The fact was, she should have given her two weeks notice already. Her hours at the library were down to a stingy twenty-five a week. But that time could be put to good use elsewhere.

  Shed be opening her bookstore, her part of Indulgence, the communal business she was starting withZoe and Malory, in just a couple of months. Not only did she have to finish organizing and decorating her space in the building theyd bought, but she had to deal with ordering stock.

  Shed applied for all the necessary licenses, had already combed through publishers catalogues, fantasized about her sidelines. She would serve tea in the afternoon, wine in the evening. Eventually she would hold elegant little events.Readings , signings, appearances.

  It was something shed always wanted to do but had never really believed she could accomplish.

  She supposed Rowena andPitte had made it possible. Not only because of the twenty-five thousand in cold, hard cash theyd given her and the others as an incentive to agree to the quest, but also by putting her together with Malory andZoe .

  Each of them had been at a crossroads of sorts the first night theyd met at Warriors Peak. And theyd made the turn, chosen the path to follow together.

  It wasnt nearly as scary thinking of starting her own business when she had two friends—two partners—doing the same thing.

  Then there was the key. Of course, she couldnt forget the key. It had taken Malory nearly all of the four weeks allowed to find the first. And it hadnt been all fun and games. Far from it.

  Still, they knew more now, more about what they were up against, more about what was at stake. That had to be an advantage for this round.

  Unless you considered that knowing where the keys came from, what they did, and who didnt want them found had absolutely nothing to do with finding one.

  She sat back, closed her eyes, and pondered the clue Rowena had given her. It had to do with the past, the present, and the future.

  Big help.

  Knowledge, naturally. Lies and truths. Heart and mind.

  Where one goddess walks.

  Thered been a goddess, a singing goddess, in Malorys clue. And Malory—the art lover whod dreamed of being an artist—had found her key in a painting.

  If the other two followed the same theme, logic dictated that she, the book lover, might find hers in or around books.

  “Catching up on your sleep, Dana?”

  Danas eyes snapped open, stared directly into Joans disapproving ones. “No. Concentrating.”

  “If youve nothing better to do, you can help Marilyn in the stacks.”

  Dana pasted a sunny smile on her face. “Id be happy to. Should I ask Sandi to take over the resource desk?”

  “You dont seem overrun with questions and requests.” And you dont seem overrun with paperwork and administrative duties, Dana thought, since youve got so much time to crawl up my butt. “Ive just completed one involving private enterprise and capitalism. But if youd rather I—”

  “Excuse me.” A woman stopped at the desk, with her hand on the arm of a boy of about twelve. The grip made Dana think of the way Flynn held Moes leash. With the hope that she could keep him under control and the certain knowledge that he would bolt at the first opportunity.

  “I wonder if you could help us. My son has a paper due… tomorrow ”, she added with heated emphasis that had the boy hunching his shoulders. “On the Continental Congress. Can you tell us which books might be the most helpful at this stage of the game?”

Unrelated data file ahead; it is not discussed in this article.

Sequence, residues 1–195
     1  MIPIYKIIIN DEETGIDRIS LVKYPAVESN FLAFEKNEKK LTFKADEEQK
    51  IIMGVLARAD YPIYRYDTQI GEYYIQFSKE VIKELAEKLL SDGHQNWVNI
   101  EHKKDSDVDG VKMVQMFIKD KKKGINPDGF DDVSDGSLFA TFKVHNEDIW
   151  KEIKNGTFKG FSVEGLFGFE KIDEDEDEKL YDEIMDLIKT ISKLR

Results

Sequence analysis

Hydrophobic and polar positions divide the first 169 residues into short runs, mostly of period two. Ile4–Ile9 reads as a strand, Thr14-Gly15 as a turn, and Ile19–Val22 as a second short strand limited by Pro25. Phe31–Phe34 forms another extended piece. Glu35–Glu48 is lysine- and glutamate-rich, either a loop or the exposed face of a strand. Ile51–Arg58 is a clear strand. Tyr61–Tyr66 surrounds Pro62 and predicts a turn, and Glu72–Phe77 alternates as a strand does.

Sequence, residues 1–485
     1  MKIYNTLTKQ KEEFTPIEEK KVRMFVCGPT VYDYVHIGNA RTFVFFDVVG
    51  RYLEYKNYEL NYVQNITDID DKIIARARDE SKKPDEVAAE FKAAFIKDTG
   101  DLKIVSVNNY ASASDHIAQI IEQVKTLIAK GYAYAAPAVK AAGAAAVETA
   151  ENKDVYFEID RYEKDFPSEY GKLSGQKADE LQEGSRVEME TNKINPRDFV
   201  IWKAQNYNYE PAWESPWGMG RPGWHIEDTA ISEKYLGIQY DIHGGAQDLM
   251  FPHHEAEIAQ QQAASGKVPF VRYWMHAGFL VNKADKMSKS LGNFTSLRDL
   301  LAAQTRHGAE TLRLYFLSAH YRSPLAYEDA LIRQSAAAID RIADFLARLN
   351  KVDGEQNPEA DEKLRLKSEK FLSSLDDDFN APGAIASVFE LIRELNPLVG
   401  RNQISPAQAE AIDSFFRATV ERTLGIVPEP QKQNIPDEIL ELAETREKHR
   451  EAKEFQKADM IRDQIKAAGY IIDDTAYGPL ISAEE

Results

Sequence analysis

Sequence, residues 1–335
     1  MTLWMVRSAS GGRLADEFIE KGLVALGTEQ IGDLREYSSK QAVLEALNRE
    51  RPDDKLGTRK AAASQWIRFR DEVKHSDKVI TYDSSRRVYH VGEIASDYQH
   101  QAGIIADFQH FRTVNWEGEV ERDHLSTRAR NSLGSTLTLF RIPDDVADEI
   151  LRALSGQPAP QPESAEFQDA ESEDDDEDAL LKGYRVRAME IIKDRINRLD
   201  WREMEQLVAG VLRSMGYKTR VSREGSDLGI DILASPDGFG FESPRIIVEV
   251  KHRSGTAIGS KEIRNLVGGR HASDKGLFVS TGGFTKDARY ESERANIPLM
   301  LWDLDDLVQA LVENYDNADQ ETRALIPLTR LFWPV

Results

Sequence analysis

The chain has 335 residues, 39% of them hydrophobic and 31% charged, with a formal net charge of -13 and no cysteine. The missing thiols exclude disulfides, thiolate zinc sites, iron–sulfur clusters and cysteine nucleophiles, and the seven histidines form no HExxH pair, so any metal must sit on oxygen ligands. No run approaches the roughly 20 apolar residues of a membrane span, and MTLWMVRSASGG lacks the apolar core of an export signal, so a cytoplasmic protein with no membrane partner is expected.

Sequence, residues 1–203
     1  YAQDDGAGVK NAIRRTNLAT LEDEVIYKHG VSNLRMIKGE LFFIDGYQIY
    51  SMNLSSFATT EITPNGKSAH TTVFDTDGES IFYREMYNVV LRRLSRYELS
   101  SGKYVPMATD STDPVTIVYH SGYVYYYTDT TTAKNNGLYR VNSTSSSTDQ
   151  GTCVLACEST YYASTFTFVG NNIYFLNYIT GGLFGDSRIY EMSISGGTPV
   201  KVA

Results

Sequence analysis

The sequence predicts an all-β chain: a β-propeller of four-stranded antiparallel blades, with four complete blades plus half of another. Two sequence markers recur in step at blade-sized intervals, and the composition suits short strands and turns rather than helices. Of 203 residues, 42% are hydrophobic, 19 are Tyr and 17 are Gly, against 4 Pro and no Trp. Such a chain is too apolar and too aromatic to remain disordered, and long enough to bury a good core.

“Of course.” Like a chameleon, Joans cold fish of a face warmed into smiles. “Id be happy to show you several sources in ourU.S. history section.”

  “Excuse me.” Unable to help herself, Dana tapped the sulky boy on the shoulder. “Seventh grade? Mrs.Janesburg ,U.S. history?”

  His alreadypouty b
ottom lip drooped even further.


  “I know just what she looks for. You put in a couple of solid hours on this, you can ace it.”

  “Really?” The mother laid a hand on Danas, gripped it like a lifeline. “That would be a miracle.”

  “I had Mrs.Janesburg forU.S. and world history.” Dana winked at the boy. “Ive got her number.”

  “Ill leave you in Ms. Steeles capable hands.” Though her smile remained in place, Joan spoke through gritted teeth.

  Dana leaned forward, spoke to the boy in a conspiratorial whisper. “She still get teary-eyed when she teaches Patrick Henrys „Give me liberty spiel?”

  He brightened up considerably. “Yeah. She had to stop and blow her nose.”

  “Some things never change. Okay, heres what you need.”

  Fifteen minutes later, while her son checked out his books with his brand-new library card, the mother stopped back by Danas desk. “I just wanted to thank you again. Im Joanne Reardon, and youve just saved my firstborns life.”

  “Oh, Mrs.Janesburgs tough, but she wouldnt have killed him.”

  “No. I would have. You got Matt excited about doing this paper, if for no other reason than making him think hed be pulling one over on his teacher.”

  “Whatever works.”

  “My sentiments exactly. Anyway, I appreciate it. Youre wonderful at your job.”

  “Thanks. Good luck.”

  She was wonderful at her job, Dana concurred. Goddamn it, she was. The evil Joan and her toothy niece were going to be sorry when they didnt have Dana Steele to kick around anymore. * * *

  AT the end of her shift she tidied her area, gathered up a few books shed checked out, then hefted her briefcase. Another thing she would miss, Dana thought, was this end-of-the-day routine, The putting everything in order, taking a last look around the stacks, the tables, the sweet little cathedral to books before the walk home.

  She would also miss being just a short, pleasant walk from work to her apartment. It was only one of the reasons she had refused to move in with Flynn when hed bought his house.

  She could still walk to Indulgence, she reminded herself . If she felt like a two-mile hike. Since that was unlikely to happen, she decided she should appreciate what she had now, while she still had it.